This looks very similar to simply rotating the ARB at setup (car stationary at 0kph), which would be very easy to achieve by shortening the green drop link; so we re-ran the exploration, but instead of allowing the ARB pickup inboard to have freedom in the x-z plane we restricted it to the arc constructed from the rotation of the ARB. We find that an initial rotation of the ARB of 60deg up from horizontal (as shown in Figure 3) and a softer ARB to compensate improves our laptime by 51ms, so we gain most of the benefit but only need to modify the drop links.
What effect does this have? Due to downforce, the rear ride height drops as we go faster (see Wind and gradient at the Belgian GP to understand the importance of rear ride height). This causes the push rods in Figure 3 to force the drop links down via the rocker and rotate the ARB. This increases the ARB lever arm (compare Figure 3 and Figure 1), which has the result of effectively softening the ARB in high speed. This causes a difference in mechanical balance between low speed and high speed.
If we look at mechanical balance (rStiffnessBalF) through the speed range in Figure 4 we see that in low speed (100kph) the mechanical balance is 5.2% rearwards relative to the baseline due to less leverage on the ARB. At high speed (around 200kph), the ARB has rotated due to the drop in rear ride height, so the lever arm has increased and the mechanical balance is now matched to the baseline.
We’ve matched our high speed balance, but how does this help our low speed through corner balance? If we look at ΔrLatBalF (difference in mechanical balance between baseline and rotated ARB at setup) through Turn 13 and the last chicane in Barcelona (Figure 5), we can see that on entry the mechanical balance is slightly forwards of the baseline (less front grip and more rear mechanical grip) which gives us a more stable car when the driver stamps on the brakes. As the car slows down and the driver wants to turn in, the mechanical balance is now 2% rearwards of the baseline which allows the rear to resist more of the rolling moment of the car; the result being a more even lateral weight balance at the front tyres, resulting in less front locking and more front grip. At mid corner the mechanical balance is up to 6% rearwards (cursor position), giving a big improvement in front grip when the driver is trying to turn the car (less low speed mid corner understeer).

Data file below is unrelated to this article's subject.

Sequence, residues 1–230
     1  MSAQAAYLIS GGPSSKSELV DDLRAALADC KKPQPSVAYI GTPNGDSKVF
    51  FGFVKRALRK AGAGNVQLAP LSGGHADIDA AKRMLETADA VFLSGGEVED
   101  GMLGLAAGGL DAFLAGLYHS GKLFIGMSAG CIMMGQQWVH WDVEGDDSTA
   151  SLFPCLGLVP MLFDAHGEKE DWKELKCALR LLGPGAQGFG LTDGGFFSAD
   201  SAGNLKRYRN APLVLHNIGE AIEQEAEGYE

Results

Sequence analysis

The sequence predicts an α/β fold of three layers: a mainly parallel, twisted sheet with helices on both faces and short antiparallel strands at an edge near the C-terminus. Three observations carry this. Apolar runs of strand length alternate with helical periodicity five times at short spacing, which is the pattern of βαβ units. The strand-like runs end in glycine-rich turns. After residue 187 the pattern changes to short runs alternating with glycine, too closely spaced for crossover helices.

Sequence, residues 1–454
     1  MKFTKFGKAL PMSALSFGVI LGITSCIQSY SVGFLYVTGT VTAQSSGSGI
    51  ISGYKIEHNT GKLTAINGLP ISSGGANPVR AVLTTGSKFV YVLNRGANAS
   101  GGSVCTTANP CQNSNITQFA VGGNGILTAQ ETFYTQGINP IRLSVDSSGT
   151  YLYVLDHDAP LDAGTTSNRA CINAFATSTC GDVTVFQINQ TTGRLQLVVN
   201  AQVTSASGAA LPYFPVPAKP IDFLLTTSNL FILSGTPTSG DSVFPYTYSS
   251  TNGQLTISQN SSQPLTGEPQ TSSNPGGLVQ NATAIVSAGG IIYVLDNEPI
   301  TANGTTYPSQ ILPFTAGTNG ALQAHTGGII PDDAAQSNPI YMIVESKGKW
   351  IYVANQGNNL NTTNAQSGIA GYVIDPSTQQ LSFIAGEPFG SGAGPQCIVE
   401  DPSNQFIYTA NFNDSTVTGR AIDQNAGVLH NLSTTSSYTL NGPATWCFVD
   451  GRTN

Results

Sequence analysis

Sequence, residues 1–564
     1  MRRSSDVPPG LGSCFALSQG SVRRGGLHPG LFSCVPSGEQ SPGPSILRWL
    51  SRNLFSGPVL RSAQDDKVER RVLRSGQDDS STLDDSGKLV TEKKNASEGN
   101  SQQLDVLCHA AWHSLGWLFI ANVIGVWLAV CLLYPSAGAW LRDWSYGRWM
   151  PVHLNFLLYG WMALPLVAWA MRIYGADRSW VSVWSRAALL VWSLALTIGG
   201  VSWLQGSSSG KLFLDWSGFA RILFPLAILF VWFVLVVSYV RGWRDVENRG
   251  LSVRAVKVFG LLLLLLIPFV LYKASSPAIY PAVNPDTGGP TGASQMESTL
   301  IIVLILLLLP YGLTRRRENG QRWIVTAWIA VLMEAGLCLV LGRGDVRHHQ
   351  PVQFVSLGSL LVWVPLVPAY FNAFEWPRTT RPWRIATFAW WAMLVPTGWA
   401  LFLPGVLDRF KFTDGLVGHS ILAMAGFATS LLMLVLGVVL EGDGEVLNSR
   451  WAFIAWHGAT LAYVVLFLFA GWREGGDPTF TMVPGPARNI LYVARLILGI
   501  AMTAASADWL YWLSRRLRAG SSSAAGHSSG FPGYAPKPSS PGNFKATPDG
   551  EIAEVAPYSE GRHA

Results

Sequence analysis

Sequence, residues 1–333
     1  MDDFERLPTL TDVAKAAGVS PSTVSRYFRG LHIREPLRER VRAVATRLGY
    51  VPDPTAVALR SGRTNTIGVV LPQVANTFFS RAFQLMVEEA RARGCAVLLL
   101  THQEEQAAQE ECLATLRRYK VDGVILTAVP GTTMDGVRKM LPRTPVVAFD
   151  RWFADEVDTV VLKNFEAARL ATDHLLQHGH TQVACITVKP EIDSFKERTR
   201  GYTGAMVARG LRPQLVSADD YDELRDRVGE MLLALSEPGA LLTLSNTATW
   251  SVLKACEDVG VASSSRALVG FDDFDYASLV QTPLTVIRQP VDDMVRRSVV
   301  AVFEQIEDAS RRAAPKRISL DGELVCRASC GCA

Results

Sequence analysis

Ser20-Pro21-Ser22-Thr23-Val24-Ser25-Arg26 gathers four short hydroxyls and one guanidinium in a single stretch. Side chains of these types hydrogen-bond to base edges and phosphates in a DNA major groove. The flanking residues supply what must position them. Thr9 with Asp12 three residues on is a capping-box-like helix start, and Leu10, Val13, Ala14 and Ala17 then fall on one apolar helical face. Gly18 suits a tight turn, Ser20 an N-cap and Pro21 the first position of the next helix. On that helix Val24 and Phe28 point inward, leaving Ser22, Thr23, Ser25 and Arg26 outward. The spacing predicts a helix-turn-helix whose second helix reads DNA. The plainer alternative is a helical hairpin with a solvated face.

Unfortunately, as with everything in F1, this doesn’t come without a downside; as the driver applies initial throttle to accelerate out of the corner, there is less rear grip until the car has gained some speed, which could make the car slightly more nervous on initial traction. However, the gains through entry and mid corner in this example are enough to leave us 51ms ahead at the end of the lap with a happier and more confident driver. Not bad for a morning’s work!
Of course we could approach this problem from another angle. As a race engineer you might decide that the best way to fix this problem is to move mechanical balance rearwards at low speed mid corner relative to entry/exit, while preserving high speed mechanical balance. In this case you could highlight runs on the parallel coordinates plot where in high speed Turn 9, the mechanical balance is similar or slightly forwards of the baseline, while in low speed Turn 10, mechanical balance is rearwards. It is very satisfying that this method produces the same end result.